Considering student diversity in your teaching
Revise curricula if necessary to include different kinds of racial and cultural experiences, and to include them in non-stereotypical ways.
Ensure that the teaching methods and materials you use are accessible to students with a variety of specific learning differences.
Monitor classroom dynamics to ensure that students whose background may be unfamiliar to you and/or others in the class do not become isolated.
Vary the structure during the course to appeal to different learning styles and modes of learning.
Don't call on students whose background may be unfamiliar to you and/or others in the class to act as 'spokespersons' for their group, eg 'So how do Muslims feel about ...?'
Recognise and acknowledge the history and emotions your students may bring to class.
Respond constructively to non-academic experiences that may affect classroom atmosphere and performance.
Adapted from "General principles in teaching 'minority students'", in A Handbook for Teaching Assistants, University of California Santa Barbara (UCSB)
Note that the School is expected to comply with statutory equality legislation and it is therefore important that you are aware of such legislation.
Equality Act 2010
The Equality Act 2010, which came into force in October 2010, streamlines and harmonises previously existing equality legislation and also introduces some changes to strengthen the law against discrimination.
Under the Equality Act 2010, employees, students and service users are protected from being treated less favourably because they have a 'protected characteristic'. The Act sets out nine "protected characteristics" as the grounds upon which discrimination is unlawful: age, disability, gender reassignment, marriage and civil partnership, pregnancy and maternity, race, religion or belief, sex (gender) and sexual orientation.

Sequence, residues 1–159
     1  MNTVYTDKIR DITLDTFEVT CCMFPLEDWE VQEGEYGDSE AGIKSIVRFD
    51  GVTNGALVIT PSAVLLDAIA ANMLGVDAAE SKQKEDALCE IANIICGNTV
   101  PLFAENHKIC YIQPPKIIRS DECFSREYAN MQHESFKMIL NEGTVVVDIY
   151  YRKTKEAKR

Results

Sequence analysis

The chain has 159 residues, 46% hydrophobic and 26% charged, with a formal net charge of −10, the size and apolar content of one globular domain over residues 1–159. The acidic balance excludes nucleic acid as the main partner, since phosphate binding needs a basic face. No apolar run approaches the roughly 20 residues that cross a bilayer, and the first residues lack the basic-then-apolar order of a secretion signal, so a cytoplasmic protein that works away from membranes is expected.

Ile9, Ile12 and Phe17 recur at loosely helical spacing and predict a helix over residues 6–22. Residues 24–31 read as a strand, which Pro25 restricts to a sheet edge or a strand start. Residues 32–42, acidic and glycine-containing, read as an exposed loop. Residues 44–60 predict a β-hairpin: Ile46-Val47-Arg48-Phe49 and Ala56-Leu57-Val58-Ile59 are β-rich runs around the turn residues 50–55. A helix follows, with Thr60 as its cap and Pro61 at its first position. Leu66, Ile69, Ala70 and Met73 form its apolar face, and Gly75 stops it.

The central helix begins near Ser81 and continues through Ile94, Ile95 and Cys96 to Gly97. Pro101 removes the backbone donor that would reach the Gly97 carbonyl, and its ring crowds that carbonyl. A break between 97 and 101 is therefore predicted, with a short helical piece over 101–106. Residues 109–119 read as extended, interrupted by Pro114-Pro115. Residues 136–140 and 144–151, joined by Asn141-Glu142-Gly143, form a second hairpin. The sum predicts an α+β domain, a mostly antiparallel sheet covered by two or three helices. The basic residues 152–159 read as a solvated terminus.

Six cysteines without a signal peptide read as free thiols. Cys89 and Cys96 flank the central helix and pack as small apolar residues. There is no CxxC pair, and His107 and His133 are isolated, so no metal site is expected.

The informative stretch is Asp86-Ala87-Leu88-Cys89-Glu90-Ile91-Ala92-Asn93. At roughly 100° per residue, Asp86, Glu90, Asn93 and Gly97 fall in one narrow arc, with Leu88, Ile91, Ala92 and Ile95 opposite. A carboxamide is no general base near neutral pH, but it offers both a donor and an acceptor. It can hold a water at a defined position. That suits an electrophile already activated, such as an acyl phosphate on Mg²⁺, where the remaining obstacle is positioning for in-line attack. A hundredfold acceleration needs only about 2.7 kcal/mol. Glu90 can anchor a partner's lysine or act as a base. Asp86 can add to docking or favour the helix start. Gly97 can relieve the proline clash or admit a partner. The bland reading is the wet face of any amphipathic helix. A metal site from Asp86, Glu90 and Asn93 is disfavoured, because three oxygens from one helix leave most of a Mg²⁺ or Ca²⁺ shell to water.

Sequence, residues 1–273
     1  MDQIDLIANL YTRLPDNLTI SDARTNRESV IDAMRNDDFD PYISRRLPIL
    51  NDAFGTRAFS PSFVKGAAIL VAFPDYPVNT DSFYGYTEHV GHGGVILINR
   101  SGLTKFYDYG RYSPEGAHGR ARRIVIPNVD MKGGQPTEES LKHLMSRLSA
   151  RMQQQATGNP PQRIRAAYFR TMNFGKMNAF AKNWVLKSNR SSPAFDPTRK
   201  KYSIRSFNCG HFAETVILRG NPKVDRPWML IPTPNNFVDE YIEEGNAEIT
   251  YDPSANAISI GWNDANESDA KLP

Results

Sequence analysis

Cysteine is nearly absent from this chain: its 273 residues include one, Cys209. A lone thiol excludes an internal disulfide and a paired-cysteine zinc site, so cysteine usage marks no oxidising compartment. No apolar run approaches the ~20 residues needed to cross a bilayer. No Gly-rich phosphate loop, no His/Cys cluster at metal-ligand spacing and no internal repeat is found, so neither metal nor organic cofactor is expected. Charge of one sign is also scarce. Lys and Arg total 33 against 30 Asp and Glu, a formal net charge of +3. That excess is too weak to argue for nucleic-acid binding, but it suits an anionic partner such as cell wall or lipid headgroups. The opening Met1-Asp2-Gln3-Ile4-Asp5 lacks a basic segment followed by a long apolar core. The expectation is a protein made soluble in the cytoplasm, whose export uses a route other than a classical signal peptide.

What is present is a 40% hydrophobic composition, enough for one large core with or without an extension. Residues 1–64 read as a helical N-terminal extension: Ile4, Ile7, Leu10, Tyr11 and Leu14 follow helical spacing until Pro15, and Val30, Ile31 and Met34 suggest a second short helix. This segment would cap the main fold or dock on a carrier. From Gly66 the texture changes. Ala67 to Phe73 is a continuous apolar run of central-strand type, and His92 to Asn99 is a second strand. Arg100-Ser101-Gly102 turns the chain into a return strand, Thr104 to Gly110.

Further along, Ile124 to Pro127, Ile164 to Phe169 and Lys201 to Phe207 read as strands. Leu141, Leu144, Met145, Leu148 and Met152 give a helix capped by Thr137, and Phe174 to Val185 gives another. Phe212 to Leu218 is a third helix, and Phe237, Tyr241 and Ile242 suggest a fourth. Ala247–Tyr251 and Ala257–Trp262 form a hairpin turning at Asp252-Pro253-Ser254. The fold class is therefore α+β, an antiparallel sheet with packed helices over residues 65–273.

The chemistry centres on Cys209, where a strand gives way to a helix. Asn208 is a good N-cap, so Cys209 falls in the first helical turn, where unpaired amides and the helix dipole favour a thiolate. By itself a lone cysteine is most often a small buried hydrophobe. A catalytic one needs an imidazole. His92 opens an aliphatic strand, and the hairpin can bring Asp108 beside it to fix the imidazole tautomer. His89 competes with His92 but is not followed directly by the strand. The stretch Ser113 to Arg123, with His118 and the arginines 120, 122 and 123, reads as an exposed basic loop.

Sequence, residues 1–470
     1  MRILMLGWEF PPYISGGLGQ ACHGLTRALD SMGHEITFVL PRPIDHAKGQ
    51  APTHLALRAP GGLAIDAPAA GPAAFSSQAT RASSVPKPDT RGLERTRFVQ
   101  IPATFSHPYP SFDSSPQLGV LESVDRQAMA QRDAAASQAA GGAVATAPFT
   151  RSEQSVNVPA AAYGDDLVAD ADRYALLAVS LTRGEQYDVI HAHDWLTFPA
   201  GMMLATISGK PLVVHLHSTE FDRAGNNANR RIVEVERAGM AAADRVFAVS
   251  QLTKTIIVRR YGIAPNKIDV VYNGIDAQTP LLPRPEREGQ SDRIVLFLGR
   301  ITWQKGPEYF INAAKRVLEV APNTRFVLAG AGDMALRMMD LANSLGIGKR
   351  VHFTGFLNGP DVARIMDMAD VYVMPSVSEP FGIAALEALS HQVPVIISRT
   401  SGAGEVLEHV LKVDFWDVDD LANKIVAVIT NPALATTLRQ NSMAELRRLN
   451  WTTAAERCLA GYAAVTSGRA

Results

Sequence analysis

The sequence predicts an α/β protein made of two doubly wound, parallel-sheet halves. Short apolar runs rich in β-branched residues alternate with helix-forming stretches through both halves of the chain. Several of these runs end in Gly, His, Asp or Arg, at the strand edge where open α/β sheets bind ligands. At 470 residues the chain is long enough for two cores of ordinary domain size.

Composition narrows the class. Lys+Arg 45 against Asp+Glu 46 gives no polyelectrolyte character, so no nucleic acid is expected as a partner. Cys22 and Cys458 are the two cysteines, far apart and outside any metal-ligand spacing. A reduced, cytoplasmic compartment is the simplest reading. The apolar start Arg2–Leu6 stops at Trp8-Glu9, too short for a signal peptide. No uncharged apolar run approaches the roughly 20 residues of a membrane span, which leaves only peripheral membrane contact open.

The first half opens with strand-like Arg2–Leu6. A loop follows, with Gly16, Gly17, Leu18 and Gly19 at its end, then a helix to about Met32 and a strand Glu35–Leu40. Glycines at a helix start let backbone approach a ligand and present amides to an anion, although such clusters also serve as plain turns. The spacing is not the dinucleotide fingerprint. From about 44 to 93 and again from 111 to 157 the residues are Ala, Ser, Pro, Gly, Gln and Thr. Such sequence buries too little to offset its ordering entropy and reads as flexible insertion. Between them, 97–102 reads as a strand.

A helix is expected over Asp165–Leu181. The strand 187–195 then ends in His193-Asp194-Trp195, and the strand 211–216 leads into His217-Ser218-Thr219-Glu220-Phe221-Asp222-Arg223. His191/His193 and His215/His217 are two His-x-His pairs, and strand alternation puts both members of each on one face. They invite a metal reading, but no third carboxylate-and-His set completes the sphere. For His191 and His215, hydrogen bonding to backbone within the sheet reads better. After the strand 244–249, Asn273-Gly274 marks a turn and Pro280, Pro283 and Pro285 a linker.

A Public Sector Equality Duty relating to the Equality Act 2010 came into force in April 2011, and guidance on how to implement specific requirements under this Duty were published later in 2011. For more information and guidance see the Equality Act 2010 page on the Equality and diversity website (lse.ac.uk/equalityAndDiversity)
Teaching disabled students
Note that the Equality Act 2010 places a duty on the School to make reasonable adjustments for disabled people to pre-empt any substantial disadvantage in employment, study or the provision of services. You may wish to seek further or specific advice from the Disability and Well-being Service (see Section 10 for contact details), but we list here some practical measures that apply to teaching disabled students.
Providing outlines of lectures or class handouts on public folders or Moodle in good time will help dyslexic students and those who may have difficulty taking notes because of a physical or sensory impairment.
Always making use of the existing radio mic systems will ensure students with a range of hearing impairments will be accommodated.
Reading through PowerPoint slides as you discuss the points will help students with a visual impairment follow more easily. If you make your PowerPoint slides available online, students can go over them at their own pace. You can use the notes field in PowerPoint to add more detailed information and comment. If you save the PowerPoint as a PDF with the 'notes pages' option selected, students will be able to see your slides and notes. IT Services provides advice on using PowerPoint.
Making space beforehand for a student using a wheelchair.
Allowing tape recording of classes.